Tunisian President Moncef Marzouki concluded his visit to neighboring Libya today. Marzouki announced that his next foreign visits will include Algeria and Morocco, in an effort to reinforce relations among the Arab Maghreb.
Marzouki indicated on Monday in Tripoli that his visit to Libya was intended to be a milestone in bilateral relations based on positive economic, political, and social exchange. He added that his visit will be followed by a visit from Tunisian Prime Minister Hamadi Jebali in the days to come, which will serve to further strengthen the relations between the two countries. These relations, Marzouki asserts, have long fluctuated depending on “the moods of the two countries’ old leaders.” For this reason Marzouki emphasized the need for patience on the part of both the Libyan and the Tunisian people.
Marzouki also discussed, during the same meeting, the conditions Tunisia has put in place for the extradition of Libyan former Prime Minister Baghdadi Mahmoudi. Marzouki likened the Libyan people’s desire for the extradition of Mahmoudi to that of the Tunisian people’s desire to extradite ousted Tunisian President Zine El Abddine Ben Ali from Saudi Arabia.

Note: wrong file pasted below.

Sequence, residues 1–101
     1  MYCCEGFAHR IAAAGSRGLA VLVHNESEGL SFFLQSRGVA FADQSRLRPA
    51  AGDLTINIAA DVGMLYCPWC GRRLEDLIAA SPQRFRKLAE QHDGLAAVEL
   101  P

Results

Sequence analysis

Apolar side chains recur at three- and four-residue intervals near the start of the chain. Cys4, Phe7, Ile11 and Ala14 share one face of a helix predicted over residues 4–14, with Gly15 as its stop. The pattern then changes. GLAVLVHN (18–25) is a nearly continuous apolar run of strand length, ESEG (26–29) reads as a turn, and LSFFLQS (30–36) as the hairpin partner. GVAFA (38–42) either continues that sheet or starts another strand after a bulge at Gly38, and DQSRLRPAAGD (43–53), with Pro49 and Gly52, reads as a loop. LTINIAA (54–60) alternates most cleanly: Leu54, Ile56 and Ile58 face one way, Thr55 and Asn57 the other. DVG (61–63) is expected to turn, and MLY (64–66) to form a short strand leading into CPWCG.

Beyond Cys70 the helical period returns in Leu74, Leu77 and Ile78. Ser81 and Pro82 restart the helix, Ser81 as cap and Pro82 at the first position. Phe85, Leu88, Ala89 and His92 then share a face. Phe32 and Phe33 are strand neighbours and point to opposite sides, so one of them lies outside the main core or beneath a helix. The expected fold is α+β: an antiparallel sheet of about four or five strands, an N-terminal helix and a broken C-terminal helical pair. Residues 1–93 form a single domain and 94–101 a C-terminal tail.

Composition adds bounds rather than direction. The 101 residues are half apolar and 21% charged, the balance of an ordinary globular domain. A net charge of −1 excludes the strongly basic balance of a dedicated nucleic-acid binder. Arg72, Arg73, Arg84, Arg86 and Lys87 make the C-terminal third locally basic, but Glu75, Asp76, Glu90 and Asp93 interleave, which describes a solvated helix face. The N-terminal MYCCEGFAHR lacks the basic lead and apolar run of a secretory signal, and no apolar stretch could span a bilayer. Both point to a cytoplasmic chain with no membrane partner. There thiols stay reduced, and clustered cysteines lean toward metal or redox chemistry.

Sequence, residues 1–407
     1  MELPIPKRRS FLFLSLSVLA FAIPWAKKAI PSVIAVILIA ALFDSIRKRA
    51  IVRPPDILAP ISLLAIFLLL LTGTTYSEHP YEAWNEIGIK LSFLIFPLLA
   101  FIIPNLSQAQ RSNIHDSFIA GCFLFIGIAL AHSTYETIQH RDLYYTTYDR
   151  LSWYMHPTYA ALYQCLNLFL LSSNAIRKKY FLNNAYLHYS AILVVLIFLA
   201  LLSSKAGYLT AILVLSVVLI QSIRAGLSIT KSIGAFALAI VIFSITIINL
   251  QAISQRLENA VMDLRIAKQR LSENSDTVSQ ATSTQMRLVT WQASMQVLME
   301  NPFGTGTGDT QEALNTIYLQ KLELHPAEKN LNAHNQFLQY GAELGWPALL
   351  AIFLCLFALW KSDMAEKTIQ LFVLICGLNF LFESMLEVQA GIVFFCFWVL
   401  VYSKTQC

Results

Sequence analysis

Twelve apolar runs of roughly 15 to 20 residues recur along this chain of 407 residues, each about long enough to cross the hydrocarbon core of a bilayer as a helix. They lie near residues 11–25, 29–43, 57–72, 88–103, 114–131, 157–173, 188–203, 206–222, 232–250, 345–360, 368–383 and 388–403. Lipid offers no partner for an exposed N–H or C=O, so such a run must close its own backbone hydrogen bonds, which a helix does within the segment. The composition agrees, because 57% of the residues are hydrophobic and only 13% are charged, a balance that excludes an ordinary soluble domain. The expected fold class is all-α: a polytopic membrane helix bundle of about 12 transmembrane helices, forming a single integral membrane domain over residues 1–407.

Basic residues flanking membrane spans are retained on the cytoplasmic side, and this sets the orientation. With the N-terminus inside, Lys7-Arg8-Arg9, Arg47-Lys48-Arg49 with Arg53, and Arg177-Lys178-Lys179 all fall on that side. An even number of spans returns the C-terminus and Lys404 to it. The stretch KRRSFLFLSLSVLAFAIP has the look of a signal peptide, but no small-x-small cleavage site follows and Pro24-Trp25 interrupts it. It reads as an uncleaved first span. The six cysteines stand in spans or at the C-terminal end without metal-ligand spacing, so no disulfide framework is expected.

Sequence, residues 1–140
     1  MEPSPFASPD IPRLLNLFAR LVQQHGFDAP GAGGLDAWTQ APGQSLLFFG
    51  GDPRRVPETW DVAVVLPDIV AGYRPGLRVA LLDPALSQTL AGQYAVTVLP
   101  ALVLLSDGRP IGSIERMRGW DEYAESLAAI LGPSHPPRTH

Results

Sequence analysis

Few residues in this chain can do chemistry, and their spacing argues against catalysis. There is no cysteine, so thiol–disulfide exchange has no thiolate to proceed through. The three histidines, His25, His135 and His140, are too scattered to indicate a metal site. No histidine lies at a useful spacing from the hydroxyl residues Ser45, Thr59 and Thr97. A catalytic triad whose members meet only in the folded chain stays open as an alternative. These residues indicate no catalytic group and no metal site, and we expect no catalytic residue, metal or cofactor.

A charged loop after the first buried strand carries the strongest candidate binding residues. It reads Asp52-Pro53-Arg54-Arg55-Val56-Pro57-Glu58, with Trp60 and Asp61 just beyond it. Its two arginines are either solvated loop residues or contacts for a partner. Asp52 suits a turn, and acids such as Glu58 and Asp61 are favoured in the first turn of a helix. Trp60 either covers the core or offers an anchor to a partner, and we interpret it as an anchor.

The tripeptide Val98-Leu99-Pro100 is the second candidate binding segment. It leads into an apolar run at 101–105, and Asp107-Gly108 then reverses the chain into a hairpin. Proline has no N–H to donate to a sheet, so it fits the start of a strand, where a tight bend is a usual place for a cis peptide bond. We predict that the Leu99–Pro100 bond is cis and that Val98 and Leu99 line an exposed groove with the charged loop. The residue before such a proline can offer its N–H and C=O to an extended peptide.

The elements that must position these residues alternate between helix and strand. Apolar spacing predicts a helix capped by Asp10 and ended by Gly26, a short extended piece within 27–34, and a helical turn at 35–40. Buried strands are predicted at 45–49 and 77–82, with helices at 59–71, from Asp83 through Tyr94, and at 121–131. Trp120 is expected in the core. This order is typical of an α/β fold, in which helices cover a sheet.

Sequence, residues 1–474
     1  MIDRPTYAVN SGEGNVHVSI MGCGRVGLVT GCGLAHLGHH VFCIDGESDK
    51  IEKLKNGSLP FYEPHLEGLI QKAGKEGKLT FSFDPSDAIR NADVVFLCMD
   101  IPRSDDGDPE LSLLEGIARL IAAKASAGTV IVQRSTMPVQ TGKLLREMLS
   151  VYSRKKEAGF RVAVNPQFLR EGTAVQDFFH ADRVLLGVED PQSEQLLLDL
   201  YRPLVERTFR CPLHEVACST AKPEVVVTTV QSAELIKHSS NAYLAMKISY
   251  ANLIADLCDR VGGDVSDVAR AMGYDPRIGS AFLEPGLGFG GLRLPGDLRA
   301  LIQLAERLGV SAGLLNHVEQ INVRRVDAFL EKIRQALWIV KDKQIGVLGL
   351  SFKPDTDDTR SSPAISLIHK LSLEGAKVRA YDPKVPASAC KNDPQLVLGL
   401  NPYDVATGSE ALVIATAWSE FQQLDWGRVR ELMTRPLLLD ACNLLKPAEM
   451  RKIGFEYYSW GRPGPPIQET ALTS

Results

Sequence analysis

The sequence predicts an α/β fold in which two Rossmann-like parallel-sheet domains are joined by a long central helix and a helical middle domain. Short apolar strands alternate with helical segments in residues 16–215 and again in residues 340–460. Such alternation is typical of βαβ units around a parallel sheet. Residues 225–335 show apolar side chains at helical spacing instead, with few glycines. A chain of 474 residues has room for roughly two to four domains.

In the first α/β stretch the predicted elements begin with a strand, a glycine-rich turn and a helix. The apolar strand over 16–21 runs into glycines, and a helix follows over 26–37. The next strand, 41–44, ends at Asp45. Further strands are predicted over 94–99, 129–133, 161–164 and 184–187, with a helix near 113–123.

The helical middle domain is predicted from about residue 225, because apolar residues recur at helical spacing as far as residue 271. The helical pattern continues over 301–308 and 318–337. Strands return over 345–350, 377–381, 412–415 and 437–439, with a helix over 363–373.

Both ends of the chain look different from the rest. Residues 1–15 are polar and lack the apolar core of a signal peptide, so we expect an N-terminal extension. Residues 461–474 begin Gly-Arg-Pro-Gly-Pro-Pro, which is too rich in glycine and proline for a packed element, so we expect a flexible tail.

The Tunisian President announced that a number prisoners in Tunisia will be granted amnesties on January 14, 2012, the anniversary of the Tunisian Revolution, including many Libyans who have been imprisoned in Tunisia for minor offences. Likewise, Libyan National Transitional Council President Mustapha Abdeljalil expressed his regret regarding the recent incidents along the border with Tunisia. Abdeljalil emphasized that the transgressions only reflect poorly on the individuals who committed them, rather than on the entire Libyan people.
Marzouki also met with a number of officials from various Arab diplomatic missions in Libya, who congratulated him on his recent election.
On his second day in Libya, Marzouki visited Misrata with Abdeljalil. During this visit, he held a meeting with the employees of the “Siderurgique” complex in Misrata – a Libyan enterprise employing a large number of workers tasked with the reconstruction of the city, after the destruction Gaddafi’s militias inflicted on Misrata. Marzouki further reiterated the importance of cooperation between the two countries during this event.
Marzouki’s last day in Libya was spent in Benghazi. Issues discussed during the meeting among Marzouki, Abedeljalil, and delegates from Libyan civil society included security along the border and the possibility of Tunisians assisting Libyans in the organization of Libya’s democratic transition.